ArtsAutosBooksBusinessEducationEntertainmentFamilyFashionFoodGamesGenderHealthHolidaysHomeHubPagesPersonal FinancePetsPoliticsReligionSportsTechnologyTravel

Exercise For Seniors

Updated on February 18, 2016

Exercise For Seniors

A few months ago my aging parents (finally!) decided to start taking care of themselves. Now that they're both over 60, they decided to start eating healthier after watching a couple of health-oriented documentaries like "Forks Over Knives" and "Fat, Sick, And Nearly Dead."

Since I love my parents and want them to live forever in perfect health (don't we all?), I've been trying to convince them for nearly 2 decades to eat healthier and begin a regular exercise program. They weren't exactly in love with the idea so I never made much progress, although I did manage to get them to start buying organic produce instead of conventionally grown produce.

But after a recent doctor's visit--suddenly my parents wanted to change things. They studied up on diet and nutrition, cut out nearly all of the junk food they were eating, and started eating much more healthy meals. They also cut down on snacks and eliminated beverages like coffee, sugar-filled orange juice, and sodas.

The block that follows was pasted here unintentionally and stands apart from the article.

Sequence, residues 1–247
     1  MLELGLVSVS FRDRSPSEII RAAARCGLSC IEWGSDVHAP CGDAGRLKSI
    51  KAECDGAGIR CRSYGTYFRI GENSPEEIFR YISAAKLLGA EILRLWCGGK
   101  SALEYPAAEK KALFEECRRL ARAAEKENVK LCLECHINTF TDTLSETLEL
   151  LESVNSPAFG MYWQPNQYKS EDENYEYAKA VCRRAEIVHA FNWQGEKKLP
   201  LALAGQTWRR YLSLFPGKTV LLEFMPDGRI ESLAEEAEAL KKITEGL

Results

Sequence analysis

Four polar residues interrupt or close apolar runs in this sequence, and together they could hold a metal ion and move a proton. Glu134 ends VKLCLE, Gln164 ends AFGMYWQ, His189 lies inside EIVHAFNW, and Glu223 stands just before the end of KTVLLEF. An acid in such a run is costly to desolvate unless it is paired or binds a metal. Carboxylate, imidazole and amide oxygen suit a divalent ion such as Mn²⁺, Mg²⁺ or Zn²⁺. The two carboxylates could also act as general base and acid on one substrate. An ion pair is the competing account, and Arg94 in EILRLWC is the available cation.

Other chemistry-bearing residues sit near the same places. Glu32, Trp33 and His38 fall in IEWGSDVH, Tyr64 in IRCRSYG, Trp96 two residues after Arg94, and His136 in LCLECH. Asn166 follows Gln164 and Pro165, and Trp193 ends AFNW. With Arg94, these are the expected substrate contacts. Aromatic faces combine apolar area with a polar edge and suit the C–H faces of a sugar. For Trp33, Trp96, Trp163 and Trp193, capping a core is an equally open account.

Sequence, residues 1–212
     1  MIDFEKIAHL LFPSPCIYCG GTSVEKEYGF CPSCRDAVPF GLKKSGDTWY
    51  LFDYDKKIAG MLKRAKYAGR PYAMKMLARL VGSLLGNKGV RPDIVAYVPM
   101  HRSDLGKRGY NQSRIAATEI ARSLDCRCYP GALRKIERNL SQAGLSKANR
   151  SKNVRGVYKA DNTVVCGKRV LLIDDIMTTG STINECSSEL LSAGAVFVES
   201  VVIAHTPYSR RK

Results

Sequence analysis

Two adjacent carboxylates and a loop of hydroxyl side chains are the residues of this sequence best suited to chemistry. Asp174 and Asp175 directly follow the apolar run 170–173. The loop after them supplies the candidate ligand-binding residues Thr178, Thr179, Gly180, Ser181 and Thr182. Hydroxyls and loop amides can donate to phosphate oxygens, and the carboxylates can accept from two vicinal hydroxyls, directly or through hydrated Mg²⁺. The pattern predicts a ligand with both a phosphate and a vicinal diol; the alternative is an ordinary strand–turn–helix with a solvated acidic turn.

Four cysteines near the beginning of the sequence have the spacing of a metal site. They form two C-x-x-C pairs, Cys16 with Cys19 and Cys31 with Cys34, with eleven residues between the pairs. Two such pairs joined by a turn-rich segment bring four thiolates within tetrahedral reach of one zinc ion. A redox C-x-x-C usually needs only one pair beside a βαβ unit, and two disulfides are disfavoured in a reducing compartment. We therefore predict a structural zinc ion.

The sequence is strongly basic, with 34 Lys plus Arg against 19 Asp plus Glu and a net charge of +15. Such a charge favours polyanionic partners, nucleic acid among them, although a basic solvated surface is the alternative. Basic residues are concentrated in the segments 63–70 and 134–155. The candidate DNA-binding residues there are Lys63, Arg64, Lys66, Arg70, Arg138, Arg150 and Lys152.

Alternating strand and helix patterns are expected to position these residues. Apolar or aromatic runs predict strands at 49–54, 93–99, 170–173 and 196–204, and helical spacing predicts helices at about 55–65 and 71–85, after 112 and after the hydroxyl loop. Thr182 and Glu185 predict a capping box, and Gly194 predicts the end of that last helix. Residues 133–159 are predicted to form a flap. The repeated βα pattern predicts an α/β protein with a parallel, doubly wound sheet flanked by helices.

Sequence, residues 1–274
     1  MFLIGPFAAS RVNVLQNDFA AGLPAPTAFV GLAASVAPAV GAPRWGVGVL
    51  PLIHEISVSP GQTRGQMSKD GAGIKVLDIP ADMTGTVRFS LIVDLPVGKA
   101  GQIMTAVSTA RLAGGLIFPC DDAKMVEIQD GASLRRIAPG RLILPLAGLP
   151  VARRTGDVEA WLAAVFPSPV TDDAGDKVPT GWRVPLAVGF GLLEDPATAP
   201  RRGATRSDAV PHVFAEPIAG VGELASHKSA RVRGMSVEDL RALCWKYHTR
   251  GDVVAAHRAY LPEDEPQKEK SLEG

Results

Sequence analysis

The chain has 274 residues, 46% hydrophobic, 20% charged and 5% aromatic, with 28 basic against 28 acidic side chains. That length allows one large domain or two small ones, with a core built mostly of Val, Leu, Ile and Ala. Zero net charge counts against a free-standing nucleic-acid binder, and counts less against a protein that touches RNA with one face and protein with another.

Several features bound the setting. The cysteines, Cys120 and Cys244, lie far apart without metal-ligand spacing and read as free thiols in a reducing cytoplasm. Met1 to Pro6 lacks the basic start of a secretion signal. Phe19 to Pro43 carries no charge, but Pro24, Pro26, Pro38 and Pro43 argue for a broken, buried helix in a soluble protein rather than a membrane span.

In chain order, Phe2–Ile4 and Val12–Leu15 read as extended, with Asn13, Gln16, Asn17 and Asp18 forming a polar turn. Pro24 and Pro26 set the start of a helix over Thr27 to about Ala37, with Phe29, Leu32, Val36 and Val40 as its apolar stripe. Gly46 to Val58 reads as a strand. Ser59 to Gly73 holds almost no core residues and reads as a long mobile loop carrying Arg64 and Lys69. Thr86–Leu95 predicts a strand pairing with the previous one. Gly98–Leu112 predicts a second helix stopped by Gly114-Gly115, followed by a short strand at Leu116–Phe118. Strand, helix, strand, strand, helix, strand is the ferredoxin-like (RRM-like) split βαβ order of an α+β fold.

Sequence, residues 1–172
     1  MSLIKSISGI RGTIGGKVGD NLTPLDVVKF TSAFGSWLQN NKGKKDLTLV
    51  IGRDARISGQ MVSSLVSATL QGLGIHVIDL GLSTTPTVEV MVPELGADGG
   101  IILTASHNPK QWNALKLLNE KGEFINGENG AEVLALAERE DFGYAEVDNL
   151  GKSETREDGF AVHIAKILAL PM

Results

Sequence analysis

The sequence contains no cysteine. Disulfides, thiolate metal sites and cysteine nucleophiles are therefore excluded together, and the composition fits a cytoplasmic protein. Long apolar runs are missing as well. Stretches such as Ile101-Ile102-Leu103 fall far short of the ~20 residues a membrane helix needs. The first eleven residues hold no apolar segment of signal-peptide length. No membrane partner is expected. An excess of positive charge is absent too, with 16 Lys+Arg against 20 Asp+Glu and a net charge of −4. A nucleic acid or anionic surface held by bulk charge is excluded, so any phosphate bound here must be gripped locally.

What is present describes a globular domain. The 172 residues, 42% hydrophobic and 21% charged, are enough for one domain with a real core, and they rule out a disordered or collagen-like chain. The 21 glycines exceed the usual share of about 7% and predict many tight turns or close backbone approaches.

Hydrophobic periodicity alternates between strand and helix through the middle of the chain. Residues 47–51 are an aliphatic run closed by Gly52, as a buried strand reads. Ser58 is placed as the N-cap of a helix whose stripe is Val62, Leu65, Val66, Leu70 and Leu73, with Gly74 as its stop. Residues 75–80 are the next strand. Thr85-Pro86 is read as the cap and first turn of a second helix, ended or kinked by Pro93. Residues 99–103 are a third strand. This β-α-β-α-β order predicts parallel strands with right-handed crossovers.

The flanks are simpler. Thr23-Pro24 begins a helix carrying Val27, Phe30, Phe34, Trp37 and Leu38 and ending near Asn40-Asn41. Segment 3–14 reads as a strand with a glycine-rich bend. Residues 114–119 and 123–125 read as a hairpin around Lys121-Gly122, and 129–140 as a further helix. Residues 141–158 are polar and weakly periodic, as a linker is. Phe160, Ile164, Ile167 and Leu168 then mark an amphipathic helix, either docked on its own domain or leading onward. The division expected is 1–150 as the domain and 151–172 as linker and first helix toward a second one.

After a few months of focusing on their diets, my dad had lost an amazing 55 pounds and my mother had lost nearly 30 pounds. They hadn't really been doing any regular exercise, but they had been doing weekly yard work like raking leaves, cleaning gutters, chopping firewood, shoveling snow, etc. to stay active.

Once they saw that they were getting results and decided that they wanted to include an exercise program into their routine, they asked me for help. Since I have a background in personal fitness and am 80% of the way to my personal trainer certification and have several certified personal trainer friends, they thought I would be able to help them get started with an exercise program.